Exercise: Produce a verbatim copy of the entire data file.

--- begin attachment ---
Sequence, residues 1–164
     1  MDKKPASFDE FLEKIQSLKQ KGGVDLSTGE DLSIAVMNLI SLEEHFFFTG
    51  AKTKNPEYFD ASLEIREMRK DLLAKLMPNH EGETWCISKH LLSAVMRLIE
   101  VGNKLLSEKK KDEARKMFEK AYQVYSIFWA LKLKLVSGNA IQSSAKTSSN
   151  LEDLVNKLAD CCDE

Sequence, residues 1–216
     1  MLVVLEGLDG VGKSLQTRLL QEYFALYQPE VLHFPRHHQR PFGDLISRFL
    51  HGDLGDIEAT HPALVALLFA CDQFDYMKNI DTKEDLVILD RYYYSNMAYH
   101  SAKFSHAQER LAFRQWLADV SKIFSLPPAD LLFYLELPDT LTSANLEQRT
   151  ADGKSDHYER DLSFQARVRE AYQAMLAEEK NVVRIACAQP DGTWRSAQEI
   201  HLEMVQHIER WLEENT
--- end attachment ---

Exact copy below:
Sequence, residues 1–164
     1  MDKKPASFDE FLEKIQSLKQ KGGVDLSTGE DLSIAVMNLI SLEEHFFFTG
    51  AKTKNPEYFD ASLEIREMRK DLLAKLMPNH EGETWCISKH LLSAVMRLIE
   101  VGNKLLSEKK KDEARKMFEK AYQVYSIFWA LKLKLVSGNA IQSSAKTSSN
   151  LEDLVNKLAD CCDE

Sequence, residues 1–216
     1  MLVVLEGLDG VGKSLQTRLL QEYFALYQPE VLHFPRHHQR PFGDLISRFL
    51  HGDLGDIEAT HPALVALLFA CDQFDYMKNI DTKEDLVILD RYYYSNMAYH
   101  SAKFSHAQER LAFRQWLADV SKIFSLPPAD LLFYLELPDT LTSANLEQRT
   151  ADGKSDHYER DLSFQARVRE AYQAMLAEEK NVVRIACAQP DGTWRSAQEI
   201  HLEMVQHIER WLEENT